Dr. Tim Phares COLLECTIVE PUBLISHING PUBLICATION
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New CHS Principal Intends to Build Upon the School Traditions
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THE OWNER OF THIS BEAUTIFUL HOUSE JUST LISTED WITH US JUST LIST ED
HOME IN VILLAGE OF WEST CLAY
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housesincarmel.com Dawn Pollard (303) 669-4425 Scot Pollard (317) 900-3500 Joe Kempler (317) 523-6405 1905 S. New Market St. Suite 165, Carmel, IN (office located in Village of West Clay)
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18 COVER STORY
Dr. Tim Phares: New CHS Principal Intends to Build Upon the School Traditions Carmel Clay Schools (CCS) recently named Carmel resident Dr. Tim Phares as the next principal of Carmel High School (CHS) for the upcoming 2022–23 school year. We are pleased to feature Dr. Phares on this month’s cover and appreciate the time that he spent speaking with us about his career at CCS as well as the importance of improving the standards and carrying on the many time-honored traditions that make CHS the remarkable high school that it is. Cover Story Writer // Janelle Morrison • Photo // Laura Arick
Carmel Farmers Summer Market: Come Here, Grow Here
Feinstein’s Opens Its Stage to Live Music From Local Artists
Make Good Decisions Celebrates a Milestone Year and The Bling Pig Is Back in Person!
Civic Theatre Presents: ‘Roald Dahl’s Matilda the Musical’
Actors Theatre of Indiana Presents: ‘Working’
West Clay Realty on Navigating an Ongoing Challenging Market
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Back to Your Regularly Scheduled Program: Show Choir Competitions and the Spring Musical
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110 W WASHINGTON ST, INDIANAPOLIS
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Come Here, Grow Here Carmel Farmers Summer Market:
Writer // Janelle Morrison • Photography // Jennifer Hersherger and submitted
The Carmel Farmers Markets (CFM) volunteer committee is pleased to announce opening day at the Carmel Farmers Summer Market to be held at Carter Green in Carmel, Indiana, on Saturday, May 7, 2022.
he Summer Market will be open every Saturday from May 7 through Sept. 24, 2022—8 a.m. to 11:30 a.m. Boasting more than 70 vendors, many of which are longtime vendors with the market, the CFM committee welcomes a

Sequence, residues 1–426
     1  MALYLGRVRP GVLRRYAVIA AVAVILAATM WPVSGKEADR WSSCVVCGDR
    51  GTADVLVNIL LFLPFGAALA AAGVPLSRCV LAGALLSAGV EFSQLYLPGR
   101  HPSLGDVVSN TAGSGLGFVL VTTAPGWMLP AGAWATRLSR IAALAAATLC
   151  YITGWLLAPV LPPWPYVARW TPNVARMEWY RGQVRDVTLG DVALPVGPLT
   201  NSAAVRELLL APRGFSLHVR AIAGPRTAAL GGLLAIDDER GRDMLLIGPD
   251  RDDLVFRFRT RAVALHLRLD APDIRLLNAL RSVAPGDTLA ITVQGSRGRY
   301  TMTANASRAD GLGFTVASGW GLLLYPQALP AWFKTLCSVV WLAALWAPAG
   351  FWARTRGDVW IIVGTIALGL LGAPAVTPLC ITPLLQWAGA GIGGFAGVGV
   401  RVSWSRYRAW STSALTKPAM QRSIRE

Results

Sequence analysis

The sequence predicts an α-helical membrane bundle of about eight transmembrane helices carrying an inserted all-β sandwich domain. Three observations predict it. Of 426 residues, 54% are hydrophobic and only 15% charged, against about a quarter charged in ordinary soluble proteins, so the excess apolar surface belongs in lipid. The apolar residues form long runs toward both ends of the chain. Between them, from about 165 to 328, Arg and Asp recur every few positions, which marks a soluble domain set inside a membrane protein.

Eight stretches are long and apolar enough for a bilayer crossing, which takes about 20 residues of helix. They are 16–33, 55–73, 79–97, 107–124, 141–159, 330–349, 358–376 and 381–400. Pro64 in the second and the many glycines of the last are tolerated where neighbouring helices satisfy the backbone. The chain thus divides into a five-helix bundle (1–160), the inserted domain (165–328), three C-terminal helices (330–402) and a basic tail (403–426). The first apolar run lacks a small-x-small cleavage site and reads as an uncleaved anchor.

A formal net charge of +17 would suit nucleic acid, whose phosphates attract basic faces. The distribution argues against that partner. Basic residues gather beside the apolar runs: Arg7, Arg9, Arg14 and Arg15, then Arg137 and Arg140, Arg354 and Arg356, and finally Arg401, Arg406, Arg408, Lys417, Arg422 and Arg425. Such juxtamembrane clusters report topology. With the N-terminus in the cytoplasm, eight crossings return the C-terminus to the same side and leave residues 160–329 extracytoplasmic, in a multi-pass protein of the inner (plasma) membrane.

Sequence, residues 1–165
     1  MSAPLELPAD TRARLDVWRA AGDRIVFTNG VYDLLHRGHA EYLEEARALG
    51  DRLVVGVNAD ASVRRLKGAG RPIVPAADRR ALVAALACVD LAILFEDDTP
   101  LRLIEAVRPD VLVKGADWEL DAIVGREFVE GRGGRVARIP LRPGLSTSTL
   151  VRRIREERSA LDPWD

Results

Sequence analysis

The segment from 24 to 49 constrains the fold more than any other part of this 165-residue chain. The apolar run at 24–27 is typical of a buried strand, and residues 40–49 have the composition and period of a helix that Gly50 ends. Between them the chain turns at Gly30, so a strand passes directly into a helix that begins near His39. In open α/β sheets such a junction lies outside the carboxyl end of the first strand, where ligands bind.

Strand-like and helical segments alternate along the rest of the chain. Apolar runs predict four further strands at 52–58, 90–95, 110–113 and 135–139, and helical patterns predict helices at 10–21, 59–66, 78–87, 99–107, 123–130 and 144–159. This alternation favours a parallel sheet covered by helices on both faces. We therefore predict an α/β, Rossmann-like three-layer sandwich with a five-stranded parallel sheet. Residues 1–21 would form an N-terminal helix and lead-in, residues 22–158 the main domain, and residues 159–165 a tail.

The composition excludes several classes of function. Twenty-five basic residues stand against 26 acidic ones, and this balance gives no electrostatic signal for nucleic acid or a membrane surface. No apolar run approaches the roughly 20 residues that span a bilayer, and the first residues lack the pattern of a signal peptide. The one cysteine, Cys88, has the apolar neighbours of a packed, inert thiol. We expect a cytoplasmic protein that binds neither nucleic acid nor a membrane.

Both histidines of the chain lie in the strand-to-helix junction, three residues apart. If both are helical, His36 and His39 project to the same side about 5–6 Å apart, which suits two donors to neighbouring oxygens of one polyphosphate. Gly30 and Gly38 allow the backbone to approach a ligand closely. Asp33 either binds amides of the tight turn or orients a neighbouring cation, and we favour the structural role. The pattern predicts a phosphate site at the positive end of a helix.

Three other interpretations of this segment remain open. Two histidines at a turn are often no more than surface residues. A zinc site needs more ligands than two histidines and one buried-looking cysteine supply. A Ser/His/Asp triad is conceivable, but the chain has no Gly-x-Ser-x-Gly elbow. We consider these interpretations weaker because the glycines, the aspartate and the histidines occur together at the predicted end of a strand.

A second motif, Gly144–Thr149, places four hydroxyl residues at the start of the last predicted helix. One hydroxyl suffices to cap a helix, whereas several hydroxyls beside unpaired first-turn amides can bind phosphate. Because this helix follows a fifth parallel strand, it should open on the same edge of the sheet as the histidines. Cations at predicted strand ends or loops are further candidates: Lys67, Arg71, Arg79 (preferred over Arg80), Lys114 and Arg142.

few new faces and products to this year’s lineup as well as some new “mini sponsorship” opportunities for local restaurants.
CALLING ALL LOCAL CHEFS! CFM President Ron Carter has been reaching out to the
community’s restaurants with a new mini sponsorship program that is designed to increase brand awareness for not only the market and the restaurants but also for the market’s vendors and their fresh products as well. “We’re instituting a new
mini sponsorship for local restaurants,” Carter said. “We know that we have chefs from local restaurants coming to the market, so we’re going to encourage those chefs to be more visible at market, thus making their restaurants more visible and helping their restaurants be perceived as, and in actuality be, part of the local food chain and letting consumers know that our market provides the quality products that local gourmet chefs utilize.” For participating restaurants, Carter shared they will have a designated market wagon with their name, logo, etc., that the chefs can tote around while shopping at the market. If time permits, the chefs will be invited to be interviewed at the market over the PA system and asked what they bought and how they will incorporate the ingredients into their dishes. Carter added, “We think the mini sponsorships will lift our brand, the brands of the vendors and certainly the brands of the restaurants.”